“What really attracted me to the BS to PhD program at UConn was the opportunity to individualize my program of study and participate in interdisciplinary faculty research.”
I was extremely fortunate to have an employer that valued continuing education and permitted me to take advantage of opportunities to study community and public health nursing in Haiti, Cuba, and at local organizations in Connecticut.
Additionally, the chance to participate in faculty research and academic-community partnership projects helped me appreciate the many years and sometimes decades of work that lead to changes within a community or discipline.
One example was the opportunity I had to work with Dr. Neafsey during a couple phases of her program of research focused on improving medication management and safety of community-dwelling older adults.
Additionally, I completed my research residency with faculty at the Institute for Collaboration on Health, Intervention, and Policy working on a telehealth project for community organizations serving the state’s population living with HIV/AIDS.
Additional academic-community partnership projects that I was involved with included the School of Nursing’s workforce readiness programs at Windham and Hartford Public High Schools and UConn’s interdisciplinary Urban Service Track for health professions students.
Since graduation, I have completed postdoctoral fellowships in gerontological nursing and health services research at the University of Pennsylvania, and transitioned to a tenure-track faculty position in the School of Nursing at Rutgers, The State University of New Jersey.
At Rutgers, I teach in the PhD program and have a joint appointment in the Institute for Health, Health Care Policy, and Aging Research where I direct the Community Health and Aging Outcomes Laboratory.
My lab’s research focuses on demonstrating the value of home healthcare for older adults living with complex illness including Alzheimer’s disease and other dementias. My research has been funded by the John A. Hartford Foundation, the Agency for Healthcare Research and Quality, and the National Institutes of Health, and the Alliance for Home Health Quality and Innovation.
As a triple graduate of UConn School of Nursing I have been well prepared at each stage of my career, from working as a visiting nurse to leading an interdisciplinary research team on projects to improve health policy and care of a rapidly aging and diverse population.
Amazing opportunities can come about when you least expect them. This is your time to learn and grow in very deep ways. Embrace it by reaching outside of your comfort zone to learn about things that may not have been available to you before.
Initially, I was attracted to the UConn Nursing PhD program because I was familiar with many of the faculty from my master’s work. I had previously earned an MS degree at UConn, so I was already comfortable with the School of Nursing, and believed that there were nursing faculty I could match with my own research interests.
Before beginning the UConn Nursing PhD program I held several different nursing roles.
At first, I worked as a neonatal intensive care staff nurse, before transitioning into a nurse manager position, followed by a stint in industry. Each of these experiences provided me with incredible growth opportunities and the ability to see healthcare from different perspectives.
Eventually, I wanted to earn a doctoral degree after realizing how removed I’d become from direct patient care.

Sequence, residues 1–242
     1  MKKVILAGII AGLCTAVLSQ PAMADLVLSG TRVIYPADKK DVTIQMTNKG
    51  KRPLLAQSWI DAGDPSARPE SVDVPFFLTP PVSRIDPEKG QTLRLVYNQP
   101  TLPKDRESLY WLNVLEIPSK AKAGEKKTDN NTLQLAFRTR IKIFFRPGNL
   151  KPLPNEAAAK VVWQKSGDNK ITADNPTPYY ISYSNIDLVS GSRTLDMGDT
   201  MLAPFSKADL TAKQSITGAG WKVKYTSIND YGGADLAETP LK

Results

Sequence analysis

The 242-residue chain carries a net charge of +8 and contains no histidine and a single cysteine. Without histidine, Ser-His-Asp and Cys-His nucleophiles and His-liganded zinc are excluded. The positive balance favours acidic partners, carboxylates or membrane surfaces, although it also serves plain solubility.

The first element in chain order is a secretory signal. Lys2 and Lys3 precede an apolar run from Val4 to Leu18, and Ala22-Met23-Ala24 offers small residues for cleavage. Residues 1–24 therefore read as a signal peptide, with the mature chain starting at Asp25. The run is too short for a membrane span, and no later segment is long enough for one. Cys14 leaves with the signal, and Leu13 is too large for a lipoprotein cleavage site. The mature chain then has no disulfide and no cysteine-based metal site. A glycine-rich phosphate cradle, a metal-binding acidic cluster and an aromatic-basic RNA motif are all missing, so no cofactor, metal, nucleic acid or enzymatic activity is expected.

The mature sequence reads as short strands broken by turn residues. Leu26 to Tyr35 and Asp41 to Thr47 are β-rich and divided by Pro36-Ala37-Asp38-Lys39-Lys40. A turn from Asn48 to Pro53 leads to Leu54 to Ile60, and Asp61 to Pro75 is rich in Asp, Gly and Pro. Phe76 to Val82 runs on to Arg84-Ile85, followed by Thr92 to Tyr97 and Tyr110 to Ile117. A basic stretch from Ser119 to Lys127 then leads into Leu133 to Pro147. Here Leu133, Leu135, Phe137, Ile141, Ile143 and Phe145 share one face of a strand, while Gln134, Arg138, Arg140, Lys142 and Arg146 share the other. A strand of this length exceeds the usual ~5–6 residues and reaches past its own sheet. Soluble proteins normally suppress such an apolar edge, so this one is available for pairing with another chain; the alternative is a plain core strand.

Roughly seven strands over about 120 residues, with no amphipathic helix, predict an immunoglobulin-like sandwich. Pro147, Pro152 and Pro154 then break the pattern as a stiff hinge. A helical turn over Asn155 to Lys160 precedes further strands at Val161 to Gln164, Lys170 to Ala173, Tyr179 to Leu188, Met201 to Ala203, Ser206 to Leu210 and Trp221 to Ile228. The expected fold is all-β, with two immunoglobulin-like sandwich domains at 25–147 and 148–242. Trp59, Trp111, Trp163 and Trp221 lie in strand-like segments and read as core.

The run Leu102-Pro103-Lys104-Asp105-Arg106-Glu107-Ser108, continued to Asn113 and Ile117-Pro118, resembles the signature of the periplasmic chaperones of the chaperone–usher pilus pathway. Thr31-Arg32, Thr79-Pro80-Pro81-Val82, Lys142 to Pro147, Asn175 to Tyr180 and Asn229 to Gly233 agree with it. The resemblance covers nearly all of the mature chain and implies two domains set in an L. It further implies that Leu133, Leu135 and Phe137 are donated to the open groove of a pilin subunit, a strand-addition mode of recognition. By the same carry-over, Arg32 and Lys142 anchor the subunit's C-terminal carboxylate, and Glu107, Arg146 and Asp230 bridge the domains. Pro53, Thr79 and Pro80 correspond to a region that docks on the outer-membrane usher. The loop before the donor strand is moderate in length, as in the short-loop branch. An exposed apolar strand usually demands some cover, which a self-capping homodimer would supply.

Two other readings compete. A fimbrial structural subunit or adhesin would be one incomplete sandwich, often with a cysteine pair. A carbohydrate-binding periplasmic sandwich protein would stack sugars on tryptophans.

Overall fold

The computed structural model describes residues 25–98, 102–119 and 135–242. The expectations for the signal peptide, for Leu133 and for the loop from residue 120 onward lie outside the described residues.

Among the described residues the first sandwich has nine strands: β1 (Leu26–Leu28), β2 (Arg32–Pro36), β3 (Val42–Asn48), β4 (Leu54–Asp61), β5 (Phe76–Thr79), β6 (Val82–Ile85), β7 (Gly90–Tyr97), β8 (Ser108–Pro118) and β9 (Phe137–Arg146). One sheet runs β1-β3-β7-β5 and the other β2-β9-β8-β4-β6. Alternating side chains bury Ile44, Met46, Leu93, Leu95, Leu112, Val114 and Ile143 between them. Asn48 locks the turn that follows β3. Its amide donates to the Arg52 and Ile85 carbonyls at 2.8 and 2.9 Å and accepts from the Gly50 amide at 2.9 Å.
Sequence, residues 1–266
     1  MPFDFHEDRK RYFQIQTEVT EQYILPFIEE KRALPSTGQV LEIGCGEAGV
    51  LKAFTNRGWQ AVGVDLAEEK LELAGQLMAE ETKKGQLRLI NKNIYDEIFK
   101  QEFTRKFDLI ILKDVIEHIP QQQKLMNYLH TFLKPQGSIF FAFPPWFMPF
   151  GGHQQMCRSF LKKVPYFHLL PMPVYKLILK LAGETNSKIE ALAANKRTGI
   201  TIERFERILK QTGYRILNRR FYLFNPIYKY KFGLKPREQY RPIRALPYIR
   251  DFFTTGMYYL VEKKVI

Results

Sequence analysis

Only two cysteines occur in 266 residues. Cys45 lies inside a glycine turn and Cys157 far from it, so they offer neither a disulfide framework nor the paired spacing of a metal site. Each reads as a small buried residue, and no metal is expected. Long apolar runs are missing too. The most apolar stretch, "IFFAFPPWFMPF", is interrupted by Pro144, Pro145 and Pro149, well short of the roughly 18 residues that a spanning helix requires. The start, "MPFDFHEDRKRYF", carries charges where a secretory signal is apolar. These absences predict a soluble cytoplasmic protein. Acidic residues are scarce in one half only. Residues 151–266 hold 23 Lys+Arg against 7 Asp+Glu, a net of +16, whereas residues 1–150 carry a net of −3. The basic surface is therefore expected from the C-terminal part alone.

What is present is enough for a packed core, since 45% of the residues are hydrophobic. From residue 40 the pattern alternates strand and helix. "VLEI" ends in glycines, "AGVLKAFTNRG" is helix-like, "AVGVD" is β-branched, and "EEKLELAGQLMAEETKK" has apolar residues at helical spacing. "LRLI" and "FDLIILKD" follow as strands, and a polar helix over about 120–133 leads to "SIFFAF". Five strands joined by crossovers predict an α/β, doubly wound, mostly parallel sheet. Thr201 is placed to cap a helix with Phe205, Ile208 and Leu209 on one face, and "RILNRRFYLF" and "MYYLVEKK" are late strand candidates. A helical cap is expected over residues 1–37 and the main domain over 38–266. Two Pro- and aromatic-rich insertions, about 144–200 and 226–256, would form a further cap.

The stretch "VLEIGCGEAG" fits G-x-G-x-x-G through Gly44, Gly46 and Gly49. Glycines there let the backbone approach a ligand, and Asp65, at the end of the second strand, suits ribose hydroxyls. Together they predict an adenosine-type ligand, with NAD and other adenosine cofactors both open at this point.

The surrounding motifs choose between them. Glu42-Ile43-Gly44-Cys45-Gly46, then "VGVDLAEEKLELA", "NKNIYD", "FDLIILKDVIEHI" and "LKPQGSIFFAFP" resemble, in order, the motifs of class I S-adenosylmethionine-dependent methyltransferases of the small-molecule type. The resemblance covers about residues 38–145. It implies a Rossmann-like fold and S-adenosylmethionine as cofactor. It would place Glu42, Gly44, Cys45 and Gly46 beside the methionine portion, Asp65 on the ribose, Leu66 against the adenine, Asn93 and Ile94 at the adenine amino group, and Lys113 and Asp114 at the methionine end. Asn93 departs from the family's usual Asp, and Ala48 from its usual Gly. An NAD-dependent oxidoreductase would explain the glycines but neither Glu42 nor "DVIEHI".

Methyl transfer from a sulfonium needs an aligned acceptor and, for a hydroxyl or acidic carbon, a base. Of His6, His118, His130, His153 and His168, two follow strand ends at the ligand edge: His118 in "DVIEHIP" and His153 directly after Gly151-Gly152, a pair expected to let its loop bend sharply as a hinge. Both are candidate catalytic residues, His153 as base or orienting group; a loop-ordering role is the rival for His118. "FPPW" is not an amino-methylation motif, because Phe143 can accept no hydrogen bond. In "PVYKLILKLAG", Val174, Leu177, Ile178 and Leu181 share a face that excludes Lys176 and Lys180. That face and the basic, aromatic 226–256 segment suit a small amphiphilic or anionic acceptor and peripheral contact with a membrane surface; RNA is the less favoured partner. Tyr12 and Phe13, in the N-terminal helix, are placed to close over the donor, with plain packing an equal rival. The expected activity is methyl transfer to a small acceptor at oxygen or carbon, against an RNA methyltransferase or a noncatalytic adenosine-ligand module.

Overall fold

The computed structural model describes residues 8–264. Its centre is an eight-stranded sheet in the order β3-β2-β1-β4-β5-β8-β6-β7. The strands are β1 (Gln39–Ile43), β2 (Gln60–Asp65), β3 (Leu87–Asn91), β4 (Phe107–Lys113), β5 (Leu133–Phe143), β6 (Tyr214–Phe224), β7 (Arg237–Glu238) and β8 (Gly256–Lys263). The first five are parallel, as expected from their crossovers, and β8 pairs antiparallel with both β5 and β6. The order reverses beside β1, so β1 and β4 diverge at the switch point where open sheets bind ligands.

Because I wanted my program of research to be strongly connected to clinical issues, I returned to bedside nursing to reconnect with patients, families, and the research questions of the bedside nurse. At that point, I enrolled in the PhD program while again working as a neonatal intensive care staff nurse.
Following graduation from the UConn Nursing PhD program, I accepted a postdoctoral scholar position at the University of South Florida.
My research interests include incorporating bench science into my clinical questions. This postdoc opportunity afforded me the ability to continue to learn about how to conduct research, train in different basic science research methods, and have the time to work on my publication productivity.
My postdoc mentor generously connected me with several scientists in her network, which provided additional growth opportunities.
Collectively, my doctoral and postdoctoral training provided me with the strong foundation I needed to begin an independent role as tenure track faculty at the University of Rhode Island College of Nursing.
For me, the most impactful aspects of the UConn Nursing PhD program were the faculty research match and emphasis on national nursing research trends. My dissertation research focused on the biobehavioral effects for preterm infants of stress exposure during NICU care.
The biological aspect of the investigation focused on genetic variation. My major advisor had expertise in neonatal nursing and my other faculty advisor and mentor was Dr. Erin Young, who provided expertise in genetics.
This blend of expertise was critical to my training and dissertation work, as well as my postdoctoral opportunity.
During my doctoral training, the UConn nursing faculty continually reinforced the national research trends to help students understand how to be competitive for funding and in the job market. This aspect of my training, which was provided early on in the program, was invaluable.
For anyone considering the UConn Nursing PhD program, stay open to the unplanned and take chances!
Amazing opportunities can come about when you least expect them. This is your time to learn and grow in very deep ways.
Embrace it by reaching outside of your comfort zone to learn about things that may not have been available to you before.
Individual results may vary.